As people age, it’s normal for their blood-forming cells, known as hematopoietic stem cells (HSCs), to acquire genetic mutations, or misspellings, in their DNA. Most of these mutations don’t affect how HSCs function or cause disease. In some cases, however, the mutations give certain HSCs an edge in survival, granting them an outsized role in producing blood cells. When this situation arises in people who are otherwise healthy, it’s known as clonal hematopoiesis of indeterminate potential (CHIP).
People with CHIP don’t have symptoms of disease or markedly abnormal blood counts, but their risk of developing a blood cancer such as leukemia is 10 times higher than average, Dana-Farber researchers have found. That translates into a 1 percent chance per year of developing one of these diseases. People with CHIP also have an increased risk of cardiovascular disease and of leukemia resulting from treatment for other cancers.
CHIP is largely an age-related condition, occurring in 10 to 15 percent of people over age 65 and at least 30 percent of people by age 80. CHIP is also sometimes known as age-related clonal hematopoiesis (ARCH).
How is CHIP diagnosed?
CHIP is diagnosed when a test on a person’s blood or bone marrow sample shows that blood cells are carrying one of the genetic mutations associated with the condition. It’s usually discovered when an individual has a DNA test as part of treatment for another disease.
How is CHIP managed?
CHIP is not viewed as a disease to be treated, but as a possible precursor of disease in some individuals. Doctors recommend that people found to have CHIP undergo a reliable blood count every three to six months so that if a blood cancer develops, it can be detected and treated as early as possible. Researchers are working with cardiologists on a similar monitoring system for signs of heart disease.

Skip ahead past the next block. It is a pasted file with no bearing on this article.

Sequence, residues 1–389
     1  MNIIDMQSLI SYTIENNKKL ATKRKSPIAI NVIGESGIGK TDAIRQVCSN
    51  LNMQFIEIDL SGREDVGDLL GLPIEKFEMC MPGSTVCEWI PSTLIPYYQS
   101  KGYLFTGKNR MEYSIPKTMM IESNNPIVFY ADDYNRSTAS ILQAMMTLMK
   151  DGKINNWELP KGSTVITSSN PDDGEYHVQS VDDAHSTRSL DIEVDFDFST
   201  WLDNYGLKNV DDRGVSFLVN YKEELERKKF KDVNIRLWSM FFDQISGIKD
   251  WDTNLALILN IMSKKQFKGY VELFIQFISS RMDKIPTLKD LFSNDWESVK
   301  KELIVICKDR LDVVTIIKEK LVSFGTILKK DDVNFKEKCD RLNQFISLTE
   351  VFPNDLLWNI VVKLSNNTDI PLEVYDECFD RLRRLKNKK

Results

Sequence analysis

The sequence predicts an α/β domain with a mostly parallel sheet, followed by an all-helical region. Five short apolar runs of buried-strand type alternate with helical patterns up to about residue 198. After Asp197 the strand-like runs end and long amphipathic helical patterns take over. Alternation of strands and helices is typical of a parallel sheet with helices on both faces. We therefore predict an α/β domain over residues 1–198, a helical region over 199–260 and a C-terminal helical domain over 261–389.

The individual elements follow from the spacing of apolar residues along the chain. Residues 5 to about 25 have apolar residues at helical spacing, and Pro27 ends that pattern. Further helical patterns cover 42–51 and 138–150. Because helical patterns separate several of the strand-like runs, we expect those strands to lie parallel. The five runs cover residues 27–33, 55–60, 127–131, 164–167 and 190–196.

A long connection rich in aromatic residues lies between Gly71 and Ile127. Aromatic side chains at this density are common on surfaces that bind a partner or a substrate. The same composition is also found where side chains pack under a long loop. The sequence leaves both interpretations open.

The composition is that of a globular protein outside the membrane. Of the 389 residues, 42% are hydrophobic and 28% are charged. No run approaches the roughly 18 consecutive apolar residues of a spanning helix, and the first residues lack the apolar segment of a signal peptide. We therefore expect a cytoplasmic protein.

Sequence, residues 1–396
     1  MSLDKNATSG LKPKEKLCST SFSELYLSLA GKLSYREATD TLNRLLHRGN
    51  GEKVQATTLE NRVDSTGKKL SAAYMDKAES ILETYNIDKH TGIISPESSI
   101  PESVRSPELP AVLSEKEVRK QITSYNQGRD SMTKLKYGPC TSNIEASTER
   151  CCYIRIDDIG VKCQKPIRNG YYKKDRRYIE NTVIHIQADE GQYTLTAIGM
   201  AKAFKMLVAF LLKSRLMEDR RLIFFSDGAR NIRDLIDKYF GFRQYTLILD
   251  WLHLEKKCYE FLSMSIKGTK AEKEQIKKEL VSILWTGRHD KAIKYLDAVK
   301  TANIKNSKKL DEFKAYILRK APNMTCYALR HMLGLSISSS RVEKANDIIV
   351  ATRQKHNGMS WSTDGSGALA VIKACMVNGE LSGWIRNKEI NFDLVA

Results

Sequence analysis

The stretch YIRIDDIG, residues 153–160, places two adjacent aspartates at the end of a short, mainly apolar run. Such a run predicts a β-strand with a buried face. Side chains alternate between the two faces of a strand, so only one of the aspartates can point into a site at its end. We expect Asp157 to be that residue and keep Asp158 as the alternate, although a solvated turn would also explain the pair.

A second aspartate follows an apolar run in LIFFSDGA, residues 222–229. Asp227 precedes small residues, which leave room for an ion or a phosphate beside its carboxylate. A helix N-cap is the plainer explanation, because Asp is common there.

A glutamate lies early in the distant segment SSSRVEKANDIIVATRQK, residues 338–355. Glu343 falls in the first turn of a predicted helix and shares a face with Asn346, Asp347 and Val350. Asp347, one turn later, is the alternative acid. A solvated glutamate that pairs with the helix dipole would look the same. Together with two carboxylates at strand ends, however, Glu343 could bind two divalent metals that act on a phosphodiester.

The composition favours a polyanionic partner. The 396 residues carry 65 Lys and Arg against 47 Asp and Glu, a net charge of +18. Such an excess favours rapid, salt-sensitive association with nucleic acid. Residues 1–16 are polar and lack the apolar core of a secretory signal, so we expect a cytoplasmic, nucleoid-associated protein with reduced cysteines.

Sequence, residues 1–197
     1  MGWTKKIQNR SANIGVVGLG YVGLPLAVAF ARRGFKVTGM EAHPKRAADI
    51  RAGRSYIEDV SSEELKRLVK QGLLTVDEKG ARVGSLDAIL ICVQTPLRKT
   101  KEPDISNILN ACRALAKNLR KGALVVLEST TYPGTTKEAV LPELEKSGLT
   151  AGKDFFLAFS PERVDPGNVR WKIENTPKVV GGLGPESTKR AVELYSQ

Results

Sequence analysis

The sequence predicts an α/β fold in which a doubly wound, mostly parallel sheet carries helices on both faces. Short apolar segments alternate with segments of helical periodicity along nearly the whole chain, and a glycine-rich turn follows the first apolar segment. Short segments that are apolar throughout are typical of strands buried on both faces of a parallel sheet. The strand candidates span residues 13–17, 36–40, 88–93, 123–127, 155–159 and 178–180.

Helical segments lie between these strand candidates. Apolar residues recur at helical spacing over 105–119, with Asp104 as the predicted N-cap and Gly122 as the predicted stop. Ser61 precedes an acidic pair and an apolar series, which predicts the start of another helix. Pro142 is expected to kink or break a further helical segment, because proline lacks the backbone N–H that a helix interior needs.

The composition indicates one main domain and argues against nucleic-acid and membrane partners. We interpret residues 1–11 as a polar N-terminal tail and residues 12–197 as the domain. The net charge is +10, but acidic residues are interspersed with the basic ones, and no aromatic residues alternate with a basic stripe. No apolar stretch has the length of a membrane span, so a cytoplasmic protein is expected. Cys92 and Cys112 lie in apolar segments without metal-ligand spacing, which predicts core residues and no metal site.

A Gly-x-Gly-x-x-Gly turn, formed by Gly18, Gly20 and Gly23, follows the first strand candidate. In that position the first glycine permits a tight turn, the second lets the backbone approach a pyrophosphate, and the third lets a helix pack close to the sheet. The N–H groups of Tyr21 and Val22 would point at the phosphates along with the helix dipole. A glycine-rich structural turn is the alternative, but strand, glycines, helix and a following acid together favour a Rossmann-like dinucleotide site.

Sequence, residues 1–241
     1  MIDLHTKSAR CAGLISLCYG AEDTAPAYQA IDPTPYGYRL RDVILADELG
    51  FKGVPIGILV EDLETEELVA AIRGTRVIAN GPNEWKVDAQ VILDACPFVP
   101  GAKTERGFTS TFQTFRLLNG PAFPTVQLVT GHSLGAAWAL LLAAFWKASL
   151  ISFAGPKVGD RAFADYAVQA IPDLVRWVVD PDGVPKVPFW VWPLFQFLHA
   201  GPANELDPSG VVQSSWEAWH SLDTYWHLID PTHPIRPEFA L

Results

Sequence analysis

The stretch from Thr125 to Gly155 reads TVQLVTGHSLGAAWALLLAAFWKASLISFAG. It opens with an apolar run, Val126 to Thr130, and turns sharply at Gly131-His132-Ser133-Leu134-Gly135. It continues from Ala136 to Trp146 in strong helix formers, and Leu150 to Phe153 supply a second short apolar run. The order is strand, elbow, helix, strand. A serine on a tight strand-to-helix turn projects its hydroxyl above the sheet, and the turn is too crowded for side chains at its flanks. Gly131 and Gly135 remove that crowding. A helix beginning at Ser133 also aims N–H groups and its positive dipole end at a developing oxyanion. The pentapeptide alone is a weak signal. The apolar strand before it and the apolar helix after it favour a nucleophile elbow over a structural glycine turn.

What is the latest research in CHIP?
- Dana-Farber researchers have made a great deal of progress in determining which people with CHIP who are at greatest risk of developing leukemia. They’ve has shown that such individuals can often be identified by analyzing their HSCs for specific genetic mutations and testing blood cell counts. Risk-predicting tests are now in use at Dana-Farber’s specialized CHIP clinic led by Lachelle Weeks, MD, PhD.
“Although many people over age 65 have CHIP, 90% of them have an extremely low risk of developing blood cancer,” says Dana-Farber’s Benjamin Ebert, MD, PhD, whose work led to the original identification of CHIP. “Risk-predicting tests enable us to identify people with CHIP who would most benefit from close monitoring because they’re at very high risk of disease progression.”
- Dana-Farber investigators also have shown that CHIP can raise the risk of inflammatory conditions such as cardiovascular and rheumatological diseases by about 50% and can double the risk of liver disease. This is because some, but not all, mutations linked to CHIP can cause white blood cells to behave in an inflammatory way.
- Researchers at Dana-Farber have recently identified a condition akin to CHIP that raises an individual’s risk of developing a lymphoid cancer such as chronic lymphocytic leukemia (CLL).
- Some people have an inherited predisposition to develop clonal hematopoiesis (CH). Dana-Farber’s Coleman Lindsley, MD, PhD, has found that the type of CH they’re likely to develop is related to the particular genetic mutations they inherit.
“Identification of individuals with CHIP at very high risk for cancer and other diseases, and understanding the mechanisms underlying this risk, raises the hope that we will, in the future, be able to provide therapies that delay or prevent disease,” Ebert says.